Electron Dance

Electron Dance Highlights


Reverse Shock

This is the third in a series of short musings on Control. The first was Behind the Poster and the second was Use of Weapons.

There will be spoilers.

Black Rock Quarry in Control is a visual wonder. Few games get me to marvel at rock - caves were the worst part of INFRA (Loiste Interactive, 2016) - but, my God, I was screenshotting up a whole folder of rock formations. Here’s some rock. Here’s Jesse standing in front of some more rock. Here’s Jesse looking into the distance, by some rock.

Combat in Control was settling down, a little too much. I was comfortable with most fights and had become somewhat complacent. Bored, even. But the quarry threw a screwball into the process.

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Phase Two

At Rezzed in 2016, I dabbled with a game called Vignettes, which I described as “a Vectorpark game not made by Vectorpark.” It was simple but genius: rotate object in 3D space until its silhouette matches the silhouette of another object – into which it then transforms. And repeat to find more objects. It was a little rough around the edges, being an early build, but intriguing.

Not intriguing enough for me to snap it up when it came out on mobile in 2017. Nor desktop last year. My imagination couldn’t fill in a particularly daunting blank: what else could there be except rotating objects into objects ad infinitum?

Unable to answer this question, I waited two years before trying Vignettes (Skeleton Business, 2017). And that’s a shame.

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Use of Weapons

This is the second in a series of short musings on Control. The first was Behind the Poster.

There will be spoilers.

The first boss battle is with a floating person called Alberto Tommasi. Al pushed me to the brink. I considered quitting Control, despite the hefty sum I had exchanged for it.

Boss battles are often exercises in choreography where you have to improvise your footsteps against a partner who knows every move. Learning to dance through bruises and blood. Al would float around, throw a rock at Jesse and she would always get it in the face. The rocks came quicker than I could make Jesse dodge. After a couple of hits Jesse was ex-Jesse.

And then I watched the loading screen for two minutes.

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A Donation for The Button

What can I say about Interactivity: The Interactive Experience (Aetheric Games, 2019) outside of its unbearably long name and its unrealistically shiny environment powered by Unreal?

Interactivity belongs to that category of “games about games” and is reminiscent of The Stanley Parable (Wreden & Pugh, 2013). At first I thought it was a little bit too Stanley, but it charts its own course. Frustrating in places but the frustration is also sometimes the point. I liked it.

It’s quite short but I’m about to spoil it with extreme prejudice - and by that, I mean spoil it to commercial death - so you should go check it out if you want to draw your own opinions first.

Advance ye not who fear the spoiler.

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Twilight’s Last Gaming 2019/4: Stephen’s Sausage Roll

I don't do Game of the Year, but I can do the games I enjoyed the most this year. This is the final of four.

I began adapting The Ouroboros Sequence into a book earlier this year - this seemed like a project I could complete more quickly than The Weapons of Progress. However, Ouroboros was a journey to a destination unknown and attempting to reformulate it as a book cast a harsh light onto some of its gaps. One of these was Stephen’s Sausage Roll (Increpare Games, 2016) a game drizzled with sausage hype yet there were plenty of people who got stuck and downed tools. I had played it twice before but never made great progress, having little success in training the puzzle monkey in my brain to understand its architecture.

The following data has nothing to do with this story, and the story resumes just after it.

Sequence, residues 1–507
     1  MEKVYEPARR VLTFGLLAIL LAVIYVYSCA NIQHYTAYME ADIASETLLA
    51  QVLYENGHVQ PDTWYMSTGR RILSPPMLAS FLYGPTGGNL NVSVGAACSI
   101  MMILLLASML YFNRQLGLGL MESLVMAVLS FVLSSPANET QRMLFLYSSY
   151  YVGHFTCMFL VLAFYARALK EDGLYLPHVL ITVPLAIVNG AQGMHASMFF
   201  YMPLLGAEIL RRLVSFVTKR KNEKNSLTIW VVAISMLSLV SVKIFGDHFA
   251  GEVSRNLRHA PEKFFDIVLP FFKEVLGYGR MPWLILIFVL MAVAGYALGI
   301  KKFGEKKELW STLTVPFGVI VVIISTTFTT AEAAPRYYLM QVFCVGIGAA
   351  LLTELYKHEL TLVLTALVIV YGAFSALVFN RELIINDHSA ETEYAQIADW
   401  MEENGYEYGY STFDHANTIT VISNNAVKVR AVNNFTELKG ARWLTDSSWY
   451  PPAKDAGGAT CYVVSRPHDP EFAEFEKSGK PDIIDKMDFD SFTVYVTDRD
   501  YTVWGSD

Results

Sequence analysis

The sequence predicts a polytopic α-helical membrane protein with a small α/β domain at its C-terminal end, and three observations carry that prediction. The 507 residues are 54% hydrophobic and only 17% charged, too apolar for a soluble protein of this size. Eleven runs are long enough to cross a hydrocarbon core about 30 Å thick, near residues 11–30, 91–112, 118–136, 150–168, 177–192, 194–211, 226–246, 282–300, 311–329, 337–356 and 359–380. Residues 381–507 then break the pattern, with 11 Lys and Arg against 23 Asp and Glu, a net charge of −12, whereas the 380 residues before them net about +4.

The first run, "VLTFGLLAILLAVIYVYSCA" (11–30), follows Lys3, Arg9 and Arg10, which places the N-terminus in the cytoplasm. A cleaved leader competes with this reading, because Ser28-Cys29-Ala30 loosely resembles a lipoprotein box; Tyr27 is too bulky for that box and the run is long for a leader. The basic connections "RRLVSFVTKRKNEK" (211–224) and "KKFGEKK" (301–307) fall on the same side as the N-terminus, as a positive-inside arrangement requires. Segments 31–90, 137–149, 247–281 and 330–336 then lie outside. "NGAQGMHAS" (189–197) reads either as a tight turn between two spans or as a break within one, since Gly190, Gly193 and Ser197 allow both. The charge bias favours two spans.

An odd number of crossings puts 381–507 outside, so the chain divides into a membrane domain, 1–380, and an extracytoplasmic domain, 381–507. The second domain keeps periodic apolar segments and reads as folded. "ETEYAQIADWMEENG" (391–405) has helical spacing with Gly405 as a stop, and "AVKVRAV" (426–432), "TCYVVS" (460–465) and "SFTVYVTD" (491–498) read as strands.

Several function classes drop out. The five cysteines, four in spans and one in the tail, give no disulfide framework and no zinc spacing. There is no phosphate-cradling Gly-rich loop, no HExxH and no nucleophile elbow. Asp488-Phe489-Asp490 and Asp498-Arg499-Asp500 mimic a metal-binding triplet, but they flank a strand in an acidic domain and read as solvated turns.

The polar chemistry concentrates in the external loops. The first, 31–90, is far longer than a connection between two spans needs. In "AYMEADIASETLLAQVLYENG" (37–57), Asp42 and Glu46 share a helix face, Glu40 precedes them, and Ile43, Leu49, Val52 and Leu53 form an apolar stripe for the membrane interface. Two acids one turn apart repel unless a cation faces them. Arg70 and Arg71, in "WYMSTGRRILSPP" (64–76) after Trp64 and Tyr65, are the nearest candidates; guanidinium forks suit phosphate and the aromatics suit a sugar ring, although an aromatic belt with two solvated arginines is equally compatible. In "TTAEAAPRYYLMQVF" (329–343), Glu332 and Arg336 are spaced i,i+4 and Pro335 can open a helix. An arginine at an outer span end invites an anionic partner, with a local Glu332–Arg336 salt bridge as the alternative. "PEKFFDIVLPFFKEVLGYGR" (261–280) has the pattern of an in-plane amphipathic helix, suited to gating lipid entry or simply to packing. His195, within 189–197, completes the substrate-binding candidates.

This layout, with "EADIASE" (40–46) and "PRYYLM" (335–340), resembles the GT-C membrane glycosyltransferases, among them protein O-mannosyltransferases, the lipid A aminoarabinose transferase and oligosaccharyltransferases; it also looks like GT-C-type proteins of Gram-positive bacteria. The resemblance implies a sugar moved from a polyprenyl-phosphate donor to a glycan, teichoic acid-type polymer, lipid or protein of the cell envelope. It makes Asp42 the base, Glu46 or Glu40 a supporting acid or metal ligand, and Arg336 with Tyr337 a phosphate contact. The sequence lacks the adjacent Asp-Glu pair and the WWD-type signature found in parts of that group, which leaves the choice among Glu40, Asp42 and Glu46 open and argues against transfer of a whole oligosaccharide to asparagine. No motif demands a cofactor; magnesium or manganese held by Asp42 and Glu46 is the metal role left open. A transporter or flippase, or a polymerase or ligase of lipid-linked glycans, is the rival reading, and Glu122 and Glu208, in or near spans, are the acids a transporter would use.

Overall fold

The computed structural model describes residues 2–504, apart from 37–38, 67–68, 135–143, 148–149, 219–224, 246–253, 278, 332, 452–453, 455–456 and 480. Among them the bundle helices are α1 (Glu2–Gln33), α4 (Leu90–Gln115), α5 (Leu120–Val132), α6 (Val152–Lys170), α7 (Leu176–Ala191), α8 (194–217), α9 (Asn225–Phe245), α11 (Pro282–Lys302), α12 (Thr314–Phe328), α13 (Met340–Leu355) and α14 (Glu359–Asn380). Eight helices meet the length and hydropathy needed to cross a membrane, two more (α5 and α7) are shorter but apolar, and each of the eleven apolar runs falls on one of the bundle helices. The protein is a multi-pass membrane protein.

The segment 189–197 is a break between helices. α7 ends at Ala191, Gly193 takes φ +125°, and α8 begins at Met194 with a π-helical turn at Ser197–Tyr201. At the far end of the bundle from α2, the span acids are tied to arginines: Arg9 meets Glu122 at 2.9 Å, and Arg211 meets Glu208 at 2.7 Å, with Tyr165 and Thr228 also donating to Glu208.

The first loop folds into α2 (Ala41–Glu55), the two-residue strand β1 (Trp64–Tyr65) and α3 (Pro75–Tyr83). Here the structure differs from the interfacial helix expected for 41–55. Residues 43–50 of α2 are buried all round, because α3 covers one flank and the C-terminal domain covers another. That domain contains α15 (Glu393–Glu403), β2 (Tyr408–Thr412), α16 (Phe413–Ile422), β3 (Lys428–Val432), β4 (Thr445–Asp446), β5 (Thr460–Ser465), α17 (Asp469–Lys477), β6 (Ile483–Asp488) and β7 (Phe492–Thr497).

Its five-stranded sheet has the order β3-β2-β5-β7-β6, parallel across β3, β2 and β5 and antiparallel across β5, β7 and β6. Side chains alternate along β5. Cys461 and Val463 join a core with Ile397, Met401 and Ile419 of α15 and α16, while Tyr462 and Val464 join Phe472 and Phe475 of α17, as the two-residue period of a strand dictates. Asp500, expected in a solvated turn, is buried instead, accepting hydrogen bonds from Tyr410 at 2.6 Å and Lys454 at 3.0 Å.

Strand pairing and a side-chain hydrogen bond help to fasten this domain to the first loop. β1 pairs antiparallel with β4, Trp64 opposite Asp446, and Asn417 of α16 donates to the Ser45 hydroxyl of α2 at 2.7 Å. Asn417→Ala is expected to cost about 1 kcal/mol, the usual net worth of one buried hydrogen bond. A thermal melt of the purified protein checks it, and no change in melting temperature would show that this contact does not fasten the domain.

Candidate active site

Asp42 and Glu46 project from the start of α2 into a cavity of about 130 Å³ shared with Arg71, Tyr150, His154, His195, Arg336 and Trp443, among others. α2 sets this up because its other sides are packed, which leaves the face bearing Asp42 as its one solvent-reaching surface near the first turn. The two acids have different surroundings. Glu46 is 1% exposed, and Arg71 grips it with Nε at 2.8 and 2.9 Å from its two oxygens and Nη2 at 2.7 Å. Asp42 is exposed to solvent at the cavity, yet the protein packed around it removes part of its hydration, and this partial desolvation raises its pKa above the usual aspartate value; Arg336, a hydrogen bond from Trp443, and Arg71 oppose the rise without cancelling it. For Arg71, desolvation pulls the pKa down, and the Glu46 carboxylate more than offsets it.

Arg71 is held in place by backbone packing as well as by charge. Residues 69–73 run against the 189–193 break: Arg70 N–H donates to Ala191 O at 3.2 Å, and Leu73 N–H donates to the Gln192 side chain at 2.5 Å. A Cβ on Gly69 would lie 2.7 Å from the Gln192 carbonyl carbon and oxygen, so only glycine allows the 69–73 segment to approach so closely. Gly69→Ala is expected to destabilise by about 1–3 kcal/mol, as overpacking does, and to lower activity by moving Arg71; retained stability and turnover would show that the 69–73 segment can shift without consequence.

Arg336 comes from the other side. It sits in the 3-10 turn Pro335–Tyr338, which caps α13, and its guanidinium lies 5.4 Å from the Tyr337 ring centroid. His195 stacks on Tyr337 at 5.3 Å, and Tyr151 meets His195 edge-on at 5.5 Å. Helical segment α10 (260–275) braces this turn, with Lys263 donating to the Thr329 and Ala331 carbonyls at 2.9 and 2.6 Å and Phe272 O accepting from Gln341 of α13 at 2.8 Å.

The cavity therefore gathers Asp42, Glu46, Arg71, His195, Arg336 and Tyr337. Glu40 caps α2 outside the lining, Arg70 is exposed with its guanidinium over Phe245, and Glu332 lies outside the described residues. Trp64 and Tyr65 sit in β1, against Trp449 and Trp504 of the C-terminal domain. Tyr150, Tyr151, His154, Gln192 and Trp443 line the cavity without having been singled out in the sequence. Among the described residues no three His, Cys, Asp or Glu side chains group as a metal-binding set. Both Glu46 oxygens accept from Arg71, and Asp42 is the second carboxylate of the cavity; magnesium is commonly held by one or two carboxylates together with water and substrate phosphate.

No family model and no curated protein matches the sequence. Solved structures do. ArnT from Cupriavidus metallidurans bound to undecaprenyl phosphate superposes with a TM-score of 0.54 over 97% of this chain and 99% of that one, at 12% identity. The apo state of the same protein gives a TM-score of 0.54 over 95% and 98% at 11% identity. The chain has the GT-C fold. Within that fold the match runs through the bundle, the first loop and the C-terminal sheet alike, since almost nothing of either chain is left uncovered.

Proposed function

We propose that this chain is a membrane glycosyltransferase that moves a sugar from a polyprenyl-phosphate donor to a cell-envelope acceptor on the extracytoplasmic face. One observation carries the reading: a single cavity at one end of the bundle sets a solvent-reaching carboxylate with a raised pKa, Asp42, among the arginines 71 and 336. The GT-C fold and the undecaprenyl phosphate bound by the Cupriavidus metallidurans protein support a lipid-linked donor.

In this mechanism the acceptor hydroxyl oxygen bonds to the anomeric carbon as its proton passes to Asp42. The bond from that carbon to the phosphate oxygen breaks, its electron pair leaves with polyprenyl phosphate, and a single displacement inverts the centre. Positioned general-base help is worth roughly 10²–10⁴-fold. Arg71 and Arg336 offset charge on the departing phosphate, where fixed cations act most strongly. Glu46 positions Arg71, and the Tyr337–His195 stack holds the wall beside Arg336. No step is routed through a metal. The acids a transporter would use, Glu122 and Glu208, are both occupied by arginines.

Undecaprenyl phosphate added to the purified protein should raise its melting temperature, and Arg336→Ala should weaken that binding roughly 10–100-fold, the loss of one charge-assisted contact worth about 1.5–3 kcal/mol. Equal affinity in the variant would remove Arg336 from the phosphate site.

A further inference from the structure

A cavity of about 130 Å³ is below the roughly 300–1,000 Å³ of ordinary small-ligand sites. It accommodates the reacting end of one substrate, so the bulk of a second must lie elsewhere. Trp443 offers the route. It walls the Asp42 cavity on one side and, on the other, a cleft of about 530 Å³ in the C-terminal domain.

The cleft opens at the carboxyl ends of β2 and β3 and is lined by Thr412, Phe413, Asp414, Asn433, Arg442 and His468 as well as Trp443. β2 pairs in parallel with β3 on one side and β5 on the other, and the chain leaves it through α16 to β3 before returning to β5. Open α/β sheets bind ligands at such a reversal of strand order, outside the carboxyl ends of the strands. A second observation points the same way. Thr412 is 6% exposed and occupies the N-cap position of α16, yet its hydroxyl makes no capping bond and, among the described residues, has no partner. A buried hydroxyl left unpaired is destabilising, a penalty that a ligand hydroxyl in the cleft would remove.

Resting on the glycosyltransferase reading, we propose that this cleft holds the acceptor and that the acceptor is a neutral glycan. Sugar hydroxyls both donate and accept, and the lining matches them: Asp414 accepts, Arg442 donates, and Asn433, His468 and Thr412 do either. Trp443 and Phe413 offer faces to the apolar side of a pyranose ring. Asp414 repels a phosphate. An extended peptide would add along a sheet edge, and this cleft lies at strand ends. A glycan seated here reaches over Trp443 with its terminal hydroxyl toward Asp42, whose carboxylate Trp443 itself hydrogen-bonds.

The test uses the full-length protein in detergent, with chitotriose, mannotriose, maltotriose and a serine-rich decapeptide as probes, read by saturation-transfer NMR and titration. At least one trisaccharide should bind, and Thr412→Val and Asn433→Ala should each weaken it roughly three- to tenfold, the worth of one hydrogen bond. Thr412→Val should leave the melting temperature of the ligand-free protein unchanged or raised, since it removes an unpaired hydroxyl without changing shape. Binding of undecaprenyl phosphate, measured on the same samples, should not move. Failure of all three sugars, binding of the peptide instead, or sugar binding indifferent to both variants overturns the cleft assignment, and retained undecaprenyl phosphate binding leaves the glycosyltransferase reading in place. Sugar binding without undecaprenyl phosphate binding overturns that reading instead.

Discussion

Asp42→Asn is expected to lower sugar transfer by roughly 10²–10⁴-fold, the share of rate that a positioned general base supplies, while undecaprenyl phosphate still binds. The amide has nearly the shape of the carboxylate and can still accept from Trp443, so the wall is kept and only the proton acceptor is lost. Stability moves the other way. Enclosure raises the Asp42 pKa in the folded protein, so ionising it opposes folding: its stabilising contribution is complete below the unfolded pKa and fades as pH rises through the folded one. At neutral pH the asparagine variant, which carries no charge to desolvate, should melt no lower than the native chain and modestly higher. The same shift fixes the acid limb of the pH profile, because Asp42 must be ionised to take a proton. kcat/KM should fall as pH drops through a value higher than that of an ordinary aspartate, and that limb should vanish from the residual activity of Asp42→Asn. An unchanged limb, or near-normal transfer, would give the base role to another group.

But I knew what to do as Ouroboros had delivered a terrible revelation. I needed to start Stephen's Sausage Roll again from the very beginning, and approach it with a mindful attitude, engaging instead of just trying to finish it. That completionist drive is a terrible mindset for a puzzle game. If you always focus on the horizon, you'll find yourself tripping over every crack in the broken pavement, every gnarled tree root bursting from the ground.

This project started on August 30 and within two days I had swept through the first two "stages" of Stephen's Sausage Roll. I was heartened and somewhat amazed that puzzle monkey brain seemed to understand the mechanics so well; I was building from first principles not recalling solutions. My old nemesis, The Great Tower, gave me some pause, but I ploughed through it a second time and I was ready for virgin territory: the third, snowy stage.

Naturally, progress slowed but was constant and my determination never faltered. In time, I made it to the fourth stage and Electron Dance reader Matt W kept submitting ROT13 commentary at me on random threads. I was never alone. Eyes were always watching.

I found Stephen's Sausage Roll fascinating. The mechanics were, in theory, simple, but full of terrifying nuances that you needed to master to stand a chance of defeating it. I dabbled in Monte Carlo - brute force exploration - at times such as in brainbleed levels like Crunchy Leaves, but mostly I felt like I solved them. It made me feel like a winner.

Then: the fifth stage. It was crawling with puzzles. With so many sausage mechanics now on the table, I suspected Stephen's Sausage Roll would soon run out of road. The end was nigh.

You absolute fool.

The crucial level, around which the entire game pivots and becomes something else, is an innocuous seemingly-impossible level called Dead End. It contains a secret that is so unexpected and deliriously incredible that I laughed out loud. It's a bit like "that secret" in The Witness but... more profound in some ways?

Nothing was ever the same again after that. Sure, I finished the game. But nothing was ever the same again after that.

Stephen's Sausage Roll is available from Steam or Humble for PC, Mac or Linux.


Twilight’s Last Gaming 2019/3: INFRA

I don't do Game of the Year, but I can do the games I enjoyed the most this year. This is the third of four.

INFRA (Loiste Interactive, 2016) is a wacky, strange one. You are structural analyst Mark, sent out to review some crumbling infrastructure. Initially, it appears to be a loosely linear first-person adventure in which your primary goal is to take photos of structural issues with a few simple puzzles to inhibit progress. Despite not being an open world, INFRA has a subtle exploration quality to it which I found beguiling.

Perhaps I should've known when a corridor was "blocked" by some colleagues who were chatting in the office that maybe this was going to be a rough ride. Because INFRA repeatedly turns to obtuse puzzles that often have unreadable feedback. And the story, which initially sounded quite realistic, warps into the ridiculous. It also has an unappealling obsession with luminous green mushrooms.